Thursday, Dec 14, 2017
Industry & Trade | Africa | Kenya

British Chamber of Commerce Kenya

The first port of call for UK companies in Kenya


2 years ago

Launched in 2014, the Chamber has since gained 103 corporate members, ranging from FTSE 100 multinationals to small local businesses, and 50 consultant members
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Jonathan Huxley

Former CEO of the British Chamber of Commerce Kenya

The deep-rooted links between Kenya and the UK are gaining strength commercially thanks to efforts by the British Chamber of Commerce Kenya to connect businesses in both countries. The Chamber’s former CEO Jonathan Huxley explains its progress and the close ties between the two nations.

Could you please discuss the genesis of the Chamber and key milestones it has achieved since 2014?

The Chamber has come a long way since its inception in 2014. Based on the long-standing British Business Association of Kenya, it set itself the goal of becoming the voice of British business in the country – and the first port of call for UK-based companies wishing to operate in Kenya. Less than two years later, the Chamber has 103 corporate members, ranging from FTSE 100 multinationals to small local businesses, and 50 consultant members, and is widely acknowledged as the networking organization for British-linked businesses in Kenya. It attracts key players in the Kenyan business environment to speak at its monthly networking events; recent guests have included the chairman of the Central Bank of Kenya and the director of the Kenyan Competition Commission. In addition, it has established very close links with the British High Commission, where its offices are located. With four full-time staff, the Chamber is now focused on attracting more UK-based businesses to consider Kenya as a business destination.

 

Bearing in mind the government’s commitment to create a more conducive business environment, what are the key opportunities available for British companies to partner or invest in Kenya?

The Government of Kenya has listened to private sector concerns about ease of doing business in the country and has made progress in a number of areas to make it easier for companies to set-up shop in this inherently entrepreneurial country, significantly through streamlining credit-check processes and reducing business registration time.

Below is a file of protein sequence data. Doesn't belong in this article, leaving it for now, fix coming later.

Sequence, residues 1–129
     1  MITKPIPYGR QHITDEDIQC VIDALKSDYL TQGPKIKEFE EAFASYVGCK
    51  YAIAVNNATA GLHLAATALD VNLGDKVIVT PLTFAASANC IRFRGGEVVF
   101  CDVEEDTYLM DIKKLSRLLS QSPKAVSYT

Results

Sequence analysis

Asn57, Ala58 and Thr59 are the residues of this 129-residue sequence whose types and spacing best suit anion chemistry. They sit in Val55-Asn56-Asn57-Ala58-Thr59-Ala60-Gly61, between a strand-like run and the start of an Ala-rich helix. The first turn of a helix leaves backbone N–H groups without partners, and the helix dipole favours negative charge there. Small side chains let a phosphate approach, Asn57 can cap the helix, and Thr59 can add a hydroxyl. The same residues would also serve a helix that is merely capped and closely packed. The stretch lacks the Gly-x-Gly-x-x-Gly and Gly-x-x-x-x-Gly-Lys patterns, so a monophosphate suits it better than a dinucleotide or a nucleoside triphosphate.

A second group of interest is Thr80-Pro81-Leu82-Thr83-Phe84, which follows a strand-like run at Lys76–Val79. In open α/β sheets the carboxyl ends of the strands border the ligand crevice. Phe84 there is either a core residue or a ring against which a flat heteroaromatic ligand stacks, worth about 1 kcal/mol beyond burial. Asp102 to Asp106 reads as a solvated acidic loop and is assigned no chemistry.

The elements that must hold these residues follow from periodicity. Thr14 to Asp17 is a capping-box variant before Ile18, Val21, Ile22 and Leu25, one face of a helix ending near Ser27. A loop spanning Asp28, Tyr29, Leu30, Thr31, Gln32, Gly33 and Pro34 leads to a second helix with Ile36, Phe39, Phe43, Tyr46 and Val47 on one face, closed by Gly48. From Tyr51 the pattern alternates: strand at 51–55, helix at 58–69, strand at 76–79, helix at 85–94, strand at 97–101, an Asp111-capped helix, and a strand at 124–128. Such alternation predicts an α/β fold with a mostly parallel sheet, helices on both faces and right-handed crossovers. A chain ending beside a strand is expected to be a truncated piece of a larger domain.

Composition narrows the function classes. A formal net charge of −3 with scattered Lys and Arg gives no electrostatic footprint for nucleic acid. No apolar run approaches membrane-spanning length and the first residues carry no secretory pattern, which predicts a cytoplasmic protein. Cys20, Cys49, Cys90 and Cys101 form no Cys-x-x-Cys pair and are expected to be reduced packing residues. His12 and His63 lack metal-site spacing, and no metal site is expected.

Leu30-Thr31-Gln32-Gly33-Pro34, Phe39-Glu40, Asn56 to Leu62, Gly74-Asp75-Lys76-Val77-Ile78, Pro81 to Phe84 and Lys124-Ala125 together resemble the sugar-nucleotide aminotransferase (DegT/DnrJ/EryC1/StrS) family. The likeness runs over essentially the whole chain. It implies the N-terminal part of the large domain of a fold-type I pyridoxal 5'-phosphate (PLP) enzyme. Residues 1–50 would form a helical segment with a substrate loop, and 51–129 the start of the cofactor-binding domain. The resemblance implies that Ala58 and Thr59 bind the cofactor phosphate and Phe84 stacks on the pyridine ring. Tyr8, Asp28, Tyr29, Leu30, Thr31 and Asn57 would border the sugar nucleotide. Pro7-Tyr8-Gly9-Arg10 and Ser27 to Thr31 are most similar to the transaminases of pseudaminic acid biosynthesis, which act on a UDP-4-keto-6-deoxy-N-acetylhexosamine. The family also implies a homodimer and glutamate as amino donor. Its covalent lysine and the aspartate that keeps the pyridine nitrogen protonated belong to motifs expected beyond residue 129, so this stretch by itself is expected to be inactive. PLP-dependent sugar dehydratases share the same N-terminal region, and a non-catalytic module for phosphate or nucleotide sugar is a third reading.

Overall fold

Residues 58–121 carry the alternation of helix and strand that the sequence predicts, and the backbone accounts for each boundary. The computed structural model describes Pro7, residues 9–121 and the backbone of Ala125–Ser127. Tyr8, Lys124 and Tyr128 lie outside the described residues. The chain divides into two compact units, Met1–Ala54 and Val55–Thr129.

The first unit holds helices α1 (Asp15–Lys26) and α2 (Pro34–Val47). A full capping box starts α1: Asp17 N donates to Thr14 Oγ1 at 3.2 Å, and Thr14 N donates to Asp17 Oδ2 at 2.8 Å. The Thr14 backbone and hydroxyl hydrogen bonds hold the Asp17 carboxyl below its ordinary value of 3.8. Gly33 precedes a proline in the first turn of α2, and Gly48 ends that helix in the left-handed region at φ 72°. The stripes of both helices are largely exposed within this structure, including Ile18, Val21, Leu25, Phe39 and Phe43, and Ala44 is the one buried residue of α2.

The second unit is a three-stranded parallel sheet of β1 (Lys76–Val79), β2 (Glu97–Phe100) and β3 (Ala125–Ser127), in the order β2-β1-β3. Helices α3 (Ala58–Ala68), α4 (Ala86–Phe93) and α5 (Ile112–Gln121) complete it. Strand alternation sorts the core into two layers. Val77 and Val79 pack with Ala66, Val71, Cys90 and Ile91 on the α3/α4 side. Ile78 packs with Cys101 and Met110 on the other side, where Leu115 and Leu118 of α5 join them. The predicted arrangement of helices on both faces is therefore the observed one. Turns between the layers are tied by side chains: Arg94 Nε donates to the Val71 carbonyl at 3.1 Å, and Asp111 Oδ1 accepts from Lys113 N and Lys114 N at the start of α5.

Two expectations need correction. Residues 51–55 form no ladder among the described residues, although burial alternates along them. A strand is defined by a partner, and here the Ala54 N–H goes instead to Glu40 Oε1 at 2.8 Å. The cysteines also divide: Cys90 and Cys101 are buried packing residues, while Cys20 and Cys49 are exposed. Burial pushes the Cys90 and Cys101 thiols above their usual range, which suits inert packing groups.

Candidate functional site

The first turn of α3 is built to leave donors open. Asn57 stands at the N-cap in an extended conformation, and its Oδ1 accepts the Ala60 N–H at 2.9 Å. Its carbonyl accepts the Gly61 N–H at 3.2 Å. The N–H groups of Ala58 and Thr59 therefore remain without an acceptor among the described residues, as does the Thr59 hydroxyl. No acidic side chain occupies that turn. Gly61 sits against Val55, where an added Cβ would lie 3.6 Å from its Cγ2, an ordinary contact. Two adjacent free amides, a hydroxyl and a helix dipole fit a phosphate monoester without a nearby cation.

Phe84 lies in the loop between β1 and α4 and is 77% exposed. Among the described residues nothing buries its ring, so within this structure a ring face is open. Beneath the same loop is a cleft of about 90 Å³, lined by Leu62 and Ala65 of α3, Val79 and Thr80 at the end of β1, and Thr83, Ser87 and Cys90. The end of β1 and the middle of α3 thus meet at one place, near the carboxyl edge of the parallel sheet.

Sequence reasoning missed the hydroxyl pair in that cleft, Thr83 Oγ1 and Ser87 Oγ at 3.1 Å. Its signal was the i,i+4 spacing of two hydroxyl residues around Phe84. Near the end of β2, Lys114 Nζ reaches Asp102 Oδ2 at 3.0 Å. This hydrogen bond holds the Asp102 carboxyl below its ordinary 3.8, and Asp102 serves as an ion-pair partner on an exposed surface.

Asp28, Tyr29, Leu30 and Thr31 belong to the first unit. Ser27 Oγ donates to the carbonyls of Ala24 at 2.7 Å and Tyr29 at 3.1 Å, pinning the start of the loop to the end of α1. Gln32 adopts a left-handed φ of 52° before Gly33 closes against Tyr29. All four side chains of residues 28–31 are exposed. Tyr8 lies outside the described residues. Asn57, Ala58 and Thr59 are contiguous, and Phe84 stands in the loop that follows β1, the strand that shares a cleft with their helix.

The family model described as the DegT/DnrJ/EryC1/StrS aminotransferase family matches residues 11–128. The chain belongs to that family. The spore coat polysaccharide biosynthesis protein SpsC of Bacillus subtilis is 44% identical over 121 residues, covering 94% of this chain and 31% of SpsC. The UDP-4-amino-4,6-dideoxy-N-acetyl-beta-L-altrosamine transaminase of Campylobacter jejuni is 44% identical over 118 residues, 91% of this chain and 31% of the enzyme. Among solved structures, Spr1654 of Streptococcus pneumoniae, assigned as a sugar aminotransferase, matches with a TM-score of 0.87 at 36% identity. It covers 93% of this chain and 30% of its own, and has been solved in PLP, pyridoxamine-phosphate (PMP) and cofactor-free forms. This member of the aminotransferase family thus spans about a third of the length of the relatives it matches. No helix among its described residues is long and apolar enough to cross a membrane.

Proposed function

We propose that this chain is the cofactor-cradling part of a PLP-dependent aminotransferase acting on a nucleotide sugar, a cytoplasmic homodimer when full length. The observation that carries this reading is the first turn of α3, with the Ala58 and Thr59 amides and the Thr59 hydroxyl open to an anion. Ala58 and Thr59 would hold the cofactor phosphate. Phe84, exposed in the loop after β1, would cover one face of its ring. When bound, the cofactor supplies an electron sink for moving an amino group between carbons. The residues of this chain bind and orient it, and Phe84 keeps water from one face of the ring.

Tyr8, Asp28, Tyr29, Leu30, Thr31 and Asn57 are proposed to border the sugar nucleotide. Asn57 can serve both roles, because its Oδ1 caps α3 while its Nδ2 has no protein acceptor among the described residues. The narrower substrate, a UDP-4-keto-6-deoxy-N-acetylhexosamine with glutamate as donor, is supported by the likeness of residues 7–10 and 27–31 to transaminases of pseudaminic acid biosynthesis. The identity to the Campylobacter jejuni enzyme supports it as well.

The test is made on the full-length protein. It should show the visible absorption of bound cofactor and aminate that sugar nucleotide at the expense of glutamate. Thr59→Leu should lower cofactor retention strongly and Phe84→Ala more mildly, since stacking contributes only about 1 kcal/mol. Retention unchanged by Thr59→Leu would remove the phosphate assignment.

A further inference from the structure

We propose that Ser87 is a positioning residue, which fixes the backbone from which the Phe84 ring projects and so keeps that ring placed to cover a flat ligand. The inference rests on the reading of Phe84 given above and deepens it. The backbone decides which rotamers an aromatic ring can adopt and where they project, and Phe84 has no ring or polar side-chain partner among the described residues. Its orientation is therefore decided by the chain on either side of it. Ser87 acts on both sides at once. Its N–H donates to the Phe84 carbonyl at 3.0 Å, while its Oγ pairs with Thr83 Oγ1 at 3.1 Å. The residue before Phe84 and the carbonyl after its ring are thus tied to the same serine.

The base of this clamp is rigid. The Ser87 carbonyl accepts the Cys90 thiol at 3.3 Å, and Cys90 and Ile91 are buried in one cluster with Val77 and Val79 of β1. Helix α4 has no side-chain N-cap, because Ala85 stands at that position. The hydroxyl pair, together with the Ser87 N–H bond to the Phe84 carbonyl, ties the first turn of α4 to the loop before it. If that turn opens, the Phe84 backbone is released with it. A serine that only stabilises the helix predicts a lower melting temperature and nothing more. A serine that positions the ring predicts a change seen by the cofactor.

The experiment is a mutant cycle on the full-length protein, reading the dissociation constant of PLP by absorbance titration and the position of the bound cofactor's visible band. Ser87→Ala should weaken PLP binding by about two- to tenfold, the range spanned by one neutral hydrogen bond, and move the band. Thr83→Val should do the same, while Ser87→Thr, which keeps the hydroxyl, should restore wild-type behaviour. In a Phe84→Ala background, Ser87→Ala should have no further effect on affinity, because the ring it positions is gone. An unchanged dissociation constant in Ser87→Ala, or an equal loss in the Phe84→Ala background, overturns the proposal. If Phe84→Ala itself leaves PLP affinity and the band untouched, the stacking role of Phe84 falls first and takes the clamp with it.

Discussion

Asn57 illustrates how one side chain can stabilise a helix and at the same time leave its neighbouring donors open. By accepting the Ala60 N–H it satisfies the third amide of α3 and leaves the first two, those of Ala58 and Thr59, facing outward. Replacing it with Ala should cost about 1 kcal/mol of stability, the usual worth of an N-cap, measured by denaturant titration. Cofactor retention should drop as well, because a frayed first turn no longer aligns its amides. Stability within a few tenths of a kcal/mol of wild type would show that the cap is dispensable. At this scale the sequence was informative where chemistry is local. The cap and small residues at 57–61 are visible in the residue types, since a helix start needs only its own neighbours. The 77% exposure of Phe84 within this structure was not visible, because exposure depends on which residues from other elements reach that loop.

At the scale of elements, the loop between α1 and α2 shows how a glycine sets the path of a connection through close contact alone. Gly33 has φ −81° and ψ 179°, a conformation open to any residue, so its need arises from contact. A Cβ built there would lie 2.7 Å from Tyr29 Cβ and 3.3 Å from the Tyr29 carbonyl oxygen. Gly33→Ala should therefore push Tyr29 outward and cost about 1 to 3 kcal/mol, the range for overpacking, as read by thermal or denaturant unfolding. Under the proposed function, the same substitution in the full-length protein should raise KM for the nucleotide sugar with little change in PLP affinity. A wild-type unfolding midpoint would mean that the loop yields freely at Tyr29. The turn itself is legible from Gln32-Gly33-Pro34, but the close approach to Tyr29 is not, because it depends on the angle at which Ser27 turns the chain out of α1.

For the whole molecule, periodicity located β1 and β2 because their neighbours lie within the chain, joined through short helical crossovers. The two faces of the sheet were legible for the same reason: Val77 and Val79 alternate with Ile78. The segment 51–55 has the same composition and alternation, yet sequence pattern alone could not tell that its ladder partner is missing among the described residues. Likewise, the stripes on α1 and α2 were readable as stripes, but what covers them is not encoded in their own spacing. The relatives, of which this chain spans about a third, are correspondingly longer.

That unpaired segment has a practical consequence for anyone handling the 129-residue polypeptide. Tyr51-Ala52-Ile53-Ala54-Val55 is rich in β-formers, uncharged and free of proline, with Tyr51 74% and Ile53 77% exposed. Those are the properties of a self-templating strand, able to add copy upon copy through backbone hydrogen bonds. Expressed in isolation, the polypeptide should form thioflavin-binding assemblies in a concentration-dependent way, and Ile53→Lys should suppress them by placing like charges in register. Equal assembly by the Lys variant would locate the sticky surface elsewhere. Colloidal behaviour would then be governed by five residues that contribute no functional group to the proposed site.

British companies have much to offer in Kenya; our know-how in the financial, ICT and renewables sectors is having a substantial impact, and British consulting engineers are often to be found in some of Kenya’s most complex public and private sector infrastructure projects.

British companies are also increasingly identifying Kenyan partners to assist them in getting their innovative products into this growing regional market – Sunderland-based Velocity’s partnership with Avery East Africa to bring its mobile rapid road-patching solution to Kenya being a particularly good example.

 

How is the British Chamber of Commerce working alongside Kenya’s private and public sector in order to facilitate investment from the UK?

We partner with the Kenya Private Sector Alliance (KEPSA) and Kenyan National Chamber of Commerce and Industry (KNCCI) to promote the interests of UK businesses in the country. Increasingly, we are recruiting Kenyan businesses that trade with British companies into the Chamber – who are increasingly looking for partnership with UK-based businesses. The Velocity-AEA example is, we hope, the form of partnership that we will increasingly facilitate.

 

To what extent do commerce and people-to-people connections really drive the deepening of bilateral ties between Kenya and the UK?

Trade is undoubtedly an important part of the UK-Kenya relationship. Britain is, by dint of its history and geography, a trading nation – and Kenya is a hugely entrepreneurial society. It is no surprise that the two countries should find mutual commercial interests, and these ties are reinforced by a shared past and a common language. Thousands of Kenyans have been and are educated in Britain’s universities, and often maintain their links with the UK through their activities as business leaders on returning to their home countries. Likewise, thousands of Britons have made their home in Kenya and are frequently significant employers and key contributors to Kenya’s economy.

 

Could you please discuss Kenya remaining as a principal tourism destination in the East African Community (EAC) for British tourists?

The general consensus amongst British businesses operating in Kenya is that the security situation is improving and that the British Foreign and Commonwealth Office is getting the balance right in terms of providing considered travel advice. Kenya will remain a tourist destination of choice in spite of some of its recent security challenges – ultimately it is able to offer some very high quality safari experiences with a very high standard of service and accommodation – in contrast to some of its competitors in the region – and excellent resorts on the beautiful Kenyan coast.



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